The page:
On Death and Happiness
Class of 2007, congratulations on your accomplishment. You have completed your education at Emory University.
I congratulate you now because I intend to challenge you with the rest of my remarks. Challenge you to reflect deeply in ways that are perhaps uncomfortable.
Let me begin with a quotation as a point of departure. William Makepeace Thackeray’s epic satire Vanity Fair closes with the following words:
Ah Vanitas, Vanitatum! Which of us is happy in this world? Which of us has his desire? Or, having it, is satisfied?
At Commencement, we find ourselves overtaken by conflicting and competing emotions: joy and sorrow vie for attention in our hearts and minds. I wish to turn to the sorrow, to learn from our experience of loss—to understand why Commencement, though it is a time of celebration, brings profound and unparalleled pain to our souls.
This pain comes from the realization that the world we have known for the past four years is vanishing. The friends who once finished each other’s sentences are moving across the world—the future of their relationship unknown. Many of us here may never meet again. This, I believe, is our small preview and taste of oblivion.
Graduation in this way represents a death. It is a reminder of our mortality. No matter what version of the afterlife we might subscribe to, we will all have to part company with this particular world. One recalls the great Buddhist joke: The only thing permanent is impermanence. It would be naïve, inauthentic, to deny the inevitability of death. Commencement, insofar as it reminds us of our own mortality, forces us to reflect on not only our experiences at Emory, but also our possibilities as human beings.
What can be hoped for in a world where our only knowledge is that of our inescapable fates, and even our greatest poets appear like evanescent dreams?
There is a word in Greek, which translators typically render as “happiness,” but that perhaps defies all efforts at translation. The word is eudaimonia. According to Hannah Arendt, it means the pleasure or contentment of the “daimon”—the aspect of our being that the Greeks believed watched over and guided us toward our best interests in life. The word, however, speaks of more than material, or perhaps even intellectual happiness—but rather of a contentment of the spirit; something Sartre might have equated with the “completeness of a life.” In fact, both Aristotle and Sophocles agreed that the earliest possibility for being judged to have had eudaimonia appears only after death.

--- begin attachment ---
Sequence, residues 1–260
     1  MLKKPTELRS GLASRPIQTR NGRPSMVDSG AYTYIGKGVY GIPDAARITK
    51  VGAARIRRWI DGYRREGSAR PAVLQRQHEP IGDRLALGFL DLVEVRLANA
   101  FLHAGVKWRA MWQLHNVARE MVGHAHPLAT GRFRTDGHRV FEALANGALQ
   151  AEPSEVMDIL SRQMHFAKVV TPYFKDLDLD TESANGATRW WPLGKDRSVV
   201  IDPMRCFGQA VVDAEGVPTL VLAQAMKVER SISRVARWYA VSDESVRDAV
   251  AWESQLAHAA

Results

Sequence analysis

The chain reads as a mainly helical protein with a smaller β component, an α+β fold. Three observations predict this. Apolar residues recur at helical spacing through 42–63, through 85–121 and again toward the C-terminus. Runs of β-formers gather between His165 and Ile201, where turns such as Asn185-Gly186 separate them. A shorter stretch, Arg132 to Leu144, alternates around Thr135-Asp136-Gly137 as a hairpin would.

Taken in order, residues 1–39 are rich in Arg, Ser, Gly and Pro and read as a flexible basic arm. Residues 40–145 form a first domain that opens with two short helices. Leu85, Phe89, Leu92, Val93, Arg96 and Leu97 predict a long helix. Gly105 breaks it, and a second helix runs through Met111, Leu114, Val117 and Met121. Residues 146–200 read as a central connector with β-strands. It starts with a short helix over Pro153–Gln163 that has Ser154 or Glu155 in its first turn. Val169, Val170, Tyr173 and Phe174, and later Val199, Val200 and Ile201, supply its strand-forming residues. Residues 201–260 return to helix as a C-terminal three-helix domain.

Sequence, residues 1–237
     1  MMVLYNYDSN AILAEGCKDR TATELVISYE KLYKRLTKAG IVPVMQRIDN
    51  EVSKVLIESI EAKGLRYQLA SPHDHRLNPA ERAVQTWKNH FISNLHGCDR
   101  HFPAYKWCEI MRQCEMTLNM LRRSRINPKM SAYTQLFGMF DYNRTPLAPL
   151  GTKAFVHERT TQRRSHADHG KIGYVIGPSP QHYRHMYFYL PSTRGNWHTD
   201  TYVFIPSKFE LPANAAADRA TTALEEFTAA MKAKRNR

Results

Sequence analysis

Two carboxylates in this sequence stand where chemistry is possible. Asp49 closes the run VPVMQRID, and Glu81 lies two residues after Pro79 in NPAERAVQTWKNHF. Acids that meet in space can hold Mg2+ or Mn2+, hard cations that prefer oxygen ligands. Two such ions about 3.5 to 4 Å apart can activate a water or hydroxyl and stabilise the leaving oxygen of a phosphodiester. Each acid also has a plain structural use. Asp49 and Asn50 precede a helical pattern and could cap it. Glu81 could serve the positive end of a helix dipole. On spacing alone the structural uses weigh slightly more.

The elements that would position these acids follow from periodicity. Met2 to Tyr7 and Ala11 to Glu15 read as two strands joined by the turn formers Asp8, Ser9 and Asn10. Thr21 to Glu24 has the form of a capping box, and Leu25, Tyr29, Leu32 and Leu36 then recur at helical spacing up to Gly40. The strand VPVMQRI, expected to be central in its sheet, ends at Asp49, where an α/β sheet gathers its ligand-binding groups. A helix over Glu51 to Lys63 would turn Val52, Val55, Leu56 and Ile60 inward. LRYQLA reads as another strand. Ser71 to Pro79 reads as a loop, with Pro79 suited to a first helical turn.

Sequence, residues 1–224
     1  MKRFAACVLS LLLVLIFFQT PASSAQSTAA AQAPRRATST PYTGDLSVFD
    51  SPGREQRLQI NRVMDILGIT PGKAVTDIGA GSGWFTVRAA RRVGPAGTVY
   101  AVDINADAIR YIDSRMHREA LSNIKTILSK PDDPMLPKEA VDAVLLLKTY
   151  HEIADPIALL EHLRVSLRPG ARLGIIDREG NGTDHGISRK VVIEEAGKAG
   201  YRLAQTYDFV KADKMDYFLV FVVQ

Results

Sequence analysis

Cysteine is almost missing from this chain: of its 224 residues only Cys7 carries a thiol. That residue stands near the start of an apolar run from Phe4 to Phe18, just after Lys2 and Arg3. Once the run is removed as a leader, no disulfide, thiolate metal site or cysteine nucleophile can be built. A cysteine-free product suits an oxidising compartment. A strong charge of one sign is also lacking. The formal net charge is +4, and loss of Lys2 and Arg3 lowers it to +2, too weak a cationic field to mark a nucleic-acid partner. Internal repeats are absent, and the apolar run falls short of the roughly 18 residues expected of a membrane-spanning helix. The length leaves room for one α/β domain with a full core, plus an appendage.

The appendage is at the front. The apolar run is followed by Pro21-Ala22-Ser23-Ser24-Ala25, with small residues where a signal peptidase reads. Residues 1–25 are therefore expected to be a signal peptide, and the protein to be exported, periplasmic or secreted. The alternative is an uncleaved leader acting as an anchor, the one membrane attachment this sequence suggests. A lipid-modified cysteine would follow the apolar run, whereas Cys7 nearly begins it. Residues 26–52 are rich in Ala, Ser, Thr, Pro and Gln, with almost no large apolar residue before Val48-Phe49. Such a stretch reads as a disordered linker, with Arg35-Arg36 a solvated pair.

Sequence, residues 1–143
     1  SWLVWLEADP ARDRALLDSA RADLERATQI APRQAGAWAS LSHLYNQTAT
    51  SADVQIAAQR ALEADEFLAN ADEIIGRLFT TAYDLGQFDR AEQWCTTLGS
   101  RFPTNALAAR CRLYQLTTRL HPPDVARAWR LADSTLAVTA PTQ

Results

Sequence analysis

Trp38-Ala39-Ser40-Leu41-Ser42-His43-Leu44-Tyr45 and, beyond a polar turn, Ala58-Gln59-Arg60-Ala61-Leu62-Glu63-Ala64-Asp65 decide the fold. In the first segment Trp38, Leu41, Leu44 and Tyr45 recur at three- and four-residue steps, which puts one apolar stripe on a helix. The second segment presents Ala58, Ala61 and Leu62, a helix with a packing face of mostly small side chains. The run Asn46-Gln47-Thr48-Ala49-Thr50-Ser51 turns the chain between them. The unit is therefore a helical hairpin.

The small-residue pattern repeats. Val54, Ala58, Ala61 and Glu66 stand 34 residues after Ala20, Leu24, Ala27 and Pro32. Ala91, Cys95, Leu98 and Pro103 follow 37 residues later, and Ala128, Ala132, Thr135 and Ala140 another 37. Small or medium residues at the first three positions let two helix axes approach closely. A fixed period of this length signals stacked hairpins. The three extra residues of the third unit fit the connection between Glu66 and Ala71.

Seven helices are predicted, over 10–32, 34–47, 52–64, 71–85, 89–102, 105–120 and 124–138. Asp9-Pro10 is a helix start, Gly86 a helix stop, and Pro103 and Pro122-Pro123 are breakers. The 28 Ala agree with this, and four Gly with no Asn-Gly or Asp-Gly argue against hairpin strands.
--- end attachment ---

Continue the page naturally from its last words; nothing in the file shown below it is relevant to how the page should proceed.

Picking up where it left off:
It is a type of happiness that comes in pursuit of a life well lived; a life devoted to inquiry; a life in which one strives for justice; and a life that culminates in a contribution to human civilization that might perhaps persist beyond the brief moment of one’s mortal existence.
It is to this kind of happiness that I believe we must turn our attention. The pursuit of this happiness is what Emory and a liberal arts education can provide for its students above all else. Socrates first taught us that the unexamined life is not worth living. The liberal arts, through the study of literature, philosophy, politics, and society, provide us with the means to conduct such an examination.
When I look back at my experience at Emory, I will measure my success not by fleeting awards and accolades, but by what Emory has given me that might help me achieve happiness—some measure of eudaimonia—in my life. I would say briefly also that we should remember how privileged we are, since, as Aristotle stresses, happiness is only possible for those who have mastered necessity, attained material goods, and been favored by chance.
How has Emory prepared us for happiness? Certainly there are the critical skills of inquiry and analysis that we acquired. Also, Emory has, or should have, instilled us all with a fundamental drive, not to save, but to examine the world, and if we are more ambitious, perhaps to change it.
On this day, when I have encouraged you to think of death and to learn from sorrow, I now ask you to do something with that knowledge, to take your life and make something of it, not to squander the resources Emory has given you, and to accept nothing other than the exceptional.
To live an examined life, a life that recognizes death, but still embraces the possibility of beginning something new. I again congratulate you, Class of 2007, and welcome you to the world—to the celebration of the permanent, intolerable, beautiful, and sorrowful possibility of the unknown.